Brighton Pavilion Tunbridge Ware Sewing Compendium
Rare Tunbridge Ware Form Sewing Compendium From our Tunbridge Ware collection, we are delighted to offer this very rare Tunbridge Wear Sewing Compendium. The Sewing Compendium modelled as a tower from the Brighton Pavilion features the iconic minaret turned in... Read More
Georgian Period Sewing Compendium Circa 1825
Rare Tunbridge Ware Form Sewing Compendium
From our Tunbridge Ware collection, we are delighted to offer this very rare Tunbridge Wear Sewing Compendium. The Sewing Compendium modelled as a tower from the Brighton Pavilion features the iconic minaret turned in Sycamore (aka white wood) and a large globular body with hand-painted details leading to further turned faces and the hand-painted windows upon a stepped base. The Sewing Compendium opens in two locations one just below the first dome revealing a pin cushion and the second just above the windows revealing the Sewing tools including a Tunbridge Ware thimble and bobbin. The Tunbridge Ware Sewing Compendium dates to the Georgian era during the reign of George IV circa 1825.
Brighton Pavilion, The Royal Pavilion and surrounding gardens are a Grade I listed property and were the former Royal residence located in Brighton, England. It was built in 1787 in three stages as a seaside retreat for George, Prince of Wales who became the Prince Regent in 1811 and then King George IV in 1820. It is built in the Indo-Saracenic style prevalent in India for most of the 19th century. The current appearance of the Pavilion which has various domes and minarets, is the work of architect John Nash, who extended the building starting in 1815. George IV’s successors William IV and Victoria also used the Pavilion but Queen Victoria decided that Osborne House should replace the Pavilion as the royal seaside retreat and therefore the Pavilion was sold to the city of Brighton in 1850.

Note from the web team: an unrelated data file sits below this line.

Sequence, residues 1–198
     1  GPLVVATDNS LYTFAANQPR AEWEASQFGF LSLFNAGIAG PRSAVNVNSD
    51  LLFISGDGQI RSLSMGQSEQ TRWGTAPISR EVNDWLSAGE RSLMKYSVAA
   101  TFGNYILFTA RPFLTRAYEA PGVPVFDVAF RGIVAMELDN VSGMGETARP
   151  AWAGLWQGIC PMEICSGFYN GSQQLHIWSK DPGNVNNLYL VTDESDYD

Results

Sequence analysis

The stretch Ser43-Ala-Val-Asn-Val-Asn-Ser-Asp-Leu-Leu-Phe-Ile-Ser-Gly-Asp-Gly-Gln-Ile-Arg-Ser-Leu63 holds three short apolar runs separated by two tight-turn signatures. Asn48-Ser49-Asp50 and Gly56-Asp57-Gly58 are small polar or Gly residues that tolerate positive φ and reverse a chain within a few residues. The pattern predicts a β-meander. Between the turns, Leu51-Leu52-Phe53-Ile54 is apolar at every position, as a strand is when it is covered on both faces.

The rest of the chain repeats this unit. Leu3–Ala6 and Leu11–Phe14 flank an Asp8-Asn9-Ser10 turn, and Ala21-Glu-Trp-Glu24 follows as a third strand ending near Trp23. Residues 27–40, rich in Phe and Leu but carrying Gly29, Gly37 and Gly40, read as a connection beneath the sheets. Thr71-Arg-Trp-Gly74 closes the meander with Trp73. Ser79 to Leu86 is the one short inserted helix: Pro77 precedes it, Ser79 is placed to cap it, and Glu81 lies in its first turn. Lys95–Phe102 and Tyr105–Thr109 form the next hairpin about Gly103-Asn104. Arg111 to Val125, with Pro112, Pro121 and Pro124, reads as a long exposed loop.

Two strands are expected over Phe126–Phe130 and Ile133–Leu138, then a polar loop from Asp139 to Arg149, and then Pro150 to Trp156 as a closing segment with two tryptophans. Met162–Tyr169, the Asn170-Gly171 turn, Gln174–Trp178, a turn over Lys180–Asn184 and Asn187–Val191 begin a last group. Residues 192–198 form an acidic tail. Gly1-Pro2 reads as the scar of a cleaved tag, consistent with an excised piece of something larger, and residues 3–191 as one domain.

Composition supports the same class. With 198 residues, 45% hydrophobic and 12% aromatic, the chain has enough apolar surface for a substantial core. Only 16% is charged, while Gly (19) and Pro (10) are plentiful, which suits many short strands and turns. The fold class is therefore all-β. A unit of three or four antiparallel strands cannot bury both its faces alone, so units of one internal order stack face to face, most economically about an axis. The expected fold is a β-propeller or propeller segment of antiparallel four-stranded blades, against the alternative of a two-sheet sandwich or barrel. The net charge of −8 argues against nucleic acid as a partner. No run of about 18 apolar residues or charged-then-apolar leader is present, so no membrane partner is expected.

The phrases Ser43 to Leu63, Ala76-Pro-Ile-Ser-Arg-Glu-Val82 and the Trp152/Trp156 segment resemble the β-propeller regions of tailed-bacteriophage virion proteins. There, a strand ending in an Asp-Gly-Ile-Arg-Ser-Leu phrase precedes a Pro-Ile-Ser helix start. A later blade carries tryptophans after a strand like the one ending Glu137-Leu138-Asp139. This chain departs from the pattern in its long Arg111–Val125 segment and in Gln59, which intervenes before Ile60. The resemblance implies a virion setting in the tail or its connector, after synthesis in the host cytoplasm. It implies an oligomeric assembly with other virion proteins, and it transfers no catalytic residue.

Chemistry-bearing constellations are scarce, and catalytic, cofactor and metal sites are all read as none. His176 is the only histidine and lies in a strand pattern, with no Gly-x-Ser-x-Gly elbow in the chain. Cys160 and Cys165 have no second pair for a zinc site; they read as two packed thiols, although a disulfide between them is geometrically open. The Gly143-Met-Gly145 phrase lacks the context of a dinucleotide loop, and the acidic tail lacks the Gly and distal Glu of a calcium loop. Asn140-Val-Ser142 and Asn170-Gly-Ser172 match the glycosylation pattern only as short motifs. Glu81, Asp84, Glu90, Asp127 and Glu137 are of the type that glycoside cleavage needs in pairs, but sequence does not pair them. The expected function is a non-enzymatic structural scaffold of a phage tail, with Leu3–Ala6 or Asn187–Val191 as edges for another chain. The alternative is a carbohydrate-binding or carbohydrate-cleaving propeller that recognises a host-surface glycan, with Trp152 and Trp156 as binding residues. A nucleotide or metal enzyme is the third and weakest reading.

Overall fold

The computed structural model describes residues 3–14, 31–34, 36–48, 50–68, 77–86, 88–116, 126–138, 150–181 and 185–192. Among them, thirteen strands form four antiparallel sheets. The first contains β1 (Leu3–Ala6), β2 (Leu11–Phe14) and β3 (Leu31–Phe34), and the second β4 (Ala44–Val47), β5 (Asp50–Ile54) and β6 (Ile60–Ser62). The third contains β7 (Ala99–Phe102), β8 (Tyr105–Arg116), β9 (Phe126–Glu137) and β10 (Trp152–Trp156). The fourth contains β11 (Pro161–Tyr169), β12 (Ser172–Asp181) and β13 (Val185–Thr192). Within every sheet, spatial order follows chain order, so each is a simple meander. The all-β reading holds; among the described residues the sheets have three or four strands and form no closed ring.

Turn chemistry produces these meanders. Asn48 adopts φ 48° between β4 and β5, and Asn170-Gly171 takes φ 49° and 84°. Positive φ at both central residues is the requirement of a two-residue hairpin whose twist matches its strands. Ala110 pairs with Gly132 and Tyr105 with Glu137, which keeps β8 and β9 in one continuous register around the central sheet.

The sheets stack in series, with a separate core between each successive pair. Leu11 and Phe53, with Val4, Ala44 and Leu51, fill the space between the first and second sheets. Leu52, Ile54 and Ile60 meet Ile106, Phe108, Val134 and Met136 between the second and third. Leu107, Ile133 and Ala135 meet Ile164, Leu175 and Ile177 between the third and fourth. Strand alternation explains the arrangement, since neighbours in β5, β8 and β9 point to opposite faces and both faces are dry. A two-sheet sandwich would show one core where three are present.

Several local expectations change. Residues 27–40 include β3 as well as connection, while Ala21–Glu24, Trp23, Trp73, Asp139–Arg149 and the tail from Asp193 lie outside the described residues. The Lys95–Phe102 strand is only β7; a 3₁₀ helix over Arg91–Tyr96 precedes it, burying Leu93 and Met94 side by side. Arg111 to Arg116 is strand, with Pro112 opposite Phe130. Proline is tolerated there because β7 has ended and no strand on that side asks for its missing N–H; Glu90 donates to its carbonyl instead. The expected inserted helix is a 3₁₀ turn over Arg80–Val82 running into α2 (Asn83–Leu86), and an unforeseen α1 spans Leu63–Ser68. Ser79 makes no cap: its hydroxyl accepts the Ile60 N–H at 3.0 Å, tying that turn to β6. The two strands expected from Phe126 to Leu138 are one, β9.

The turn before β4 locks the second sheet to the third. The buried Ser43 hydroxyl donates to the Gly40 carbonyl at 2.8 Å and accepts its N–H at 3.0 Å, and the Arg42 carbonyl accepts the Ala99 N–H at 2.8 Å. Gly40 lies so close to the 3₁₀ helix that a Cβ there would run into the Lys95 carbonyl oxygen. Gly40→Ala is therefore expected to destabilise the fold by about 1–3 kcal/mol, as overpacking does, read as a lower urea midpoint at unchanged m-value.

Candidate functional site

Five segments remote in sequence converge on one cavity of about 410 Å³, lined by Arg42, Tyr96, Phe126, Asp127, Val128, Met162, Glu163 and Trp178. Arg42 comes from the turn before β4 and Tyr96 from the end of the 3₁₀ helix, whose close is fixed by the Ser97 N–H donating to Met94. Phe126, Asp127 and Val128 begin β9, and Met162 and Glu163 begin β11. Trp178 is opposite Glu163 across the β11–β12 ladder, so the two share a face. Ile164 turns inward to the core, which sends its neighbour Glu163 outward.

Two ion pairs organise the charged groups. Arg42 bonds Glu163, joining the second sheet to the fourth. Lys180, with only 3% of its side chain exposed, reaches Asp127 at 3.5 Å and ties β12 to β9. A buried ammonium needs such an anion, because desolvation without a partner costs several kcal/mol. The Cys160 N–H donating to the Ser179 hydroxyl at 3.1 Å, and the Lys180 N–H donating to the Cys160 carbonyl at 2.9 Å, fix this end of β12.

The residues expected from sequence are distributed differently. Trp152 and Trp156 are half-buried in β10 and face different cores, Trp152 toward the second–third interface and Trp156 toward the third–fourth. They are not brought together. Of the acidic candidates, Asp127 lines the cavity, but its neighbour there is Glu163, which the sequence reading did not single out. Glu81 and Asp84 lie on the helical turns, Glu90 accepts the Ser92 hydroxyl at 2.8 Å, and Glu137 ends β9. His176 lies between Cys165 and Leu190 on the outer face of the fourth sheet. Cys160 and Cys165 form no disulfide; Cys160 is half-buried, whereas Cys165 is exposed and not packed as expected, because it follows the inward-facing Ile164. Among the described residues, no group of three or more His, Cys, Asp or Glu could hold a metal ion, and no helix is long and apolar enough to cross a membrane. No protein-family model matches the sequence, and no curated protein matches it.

Indo-Sarascenic refers to a cross between Indian architecture and Muslim architecture.
Minarets means beacon in Arabic. In Islamic religious architecture, the tower from which the faithful are called to prayer five times each day by a muezzin, or crier. Such a tower is connected to a mosque and has one or more balconies or open galleries. The inspiration for the minarets features on the Brighton Pavilion are in homage to these types of finials.
John Nash (1752-1835) was one of the most prevalent British architects from the Georgian and Regency periods. He was responsible for the design, in the neoclassical and picturesque styles of many important areas of London. He was financed by the Prince Regent and by the era’s most successful property developer, James Burton. Nash’s most famous designs were the Brighton Pavilion, Marble Arch and Buckingham Palace.
Sycamore is a member of the Maple family, found in Europe. It is light yellow in colour and is often a very clean wood, with a straight, fine grain. The wood is often pippy. However, these pips are usually a very similar colour to the rest of the wood making them hardly visible.
Georgian, a period in British history dating from 1714-1837, the Georgian era after the Hanoverian kings George I, George II, George III and George IV.
Tunbridge Wells and Tunbridge in Kent, England became popular in the 17th Century for their therapeutic waters. By the 18th century, Tunbridge Wells was a hugely popular Spa resort. Shops and stalls were set up to sell local work of distinction to visitors as souvenirs. Many of the original boxes were decorated with all sorts of different kinds of designs. Many of the Tunbridge boxes had a central image with views of castles, churches, pavilions, animals, country scenes and sometimes people, such as the Young Prince of Wales. These were surrounded by a variety of bandings and panels of floral and geometric designs. Tunbridge Ware items originate from the beautiful spa town of Royal Tunbridge Wells in Kent. We always have a very good selection which showcases the techniques of tessellated mosaic, stick ware, perspective cube mosaic, vandyke and painted pen work. We always have a selection of artworks and pieces which showcase the techniques of tessellated mosaics, stick ware, perspective cube mosaics, vandykes and painted pens.
With every purchase from Mark Goodger Antiques, you will receive our latest catalogue, a Certificate of Authenticity, detailed care instructions for your chosen piece and an independent invoice (for insurance purposes) will be enclosed. As well as being protected by a no-hassle, money-back policy, your piece will be entirely insured during the shipping process to ensure the safety of your item.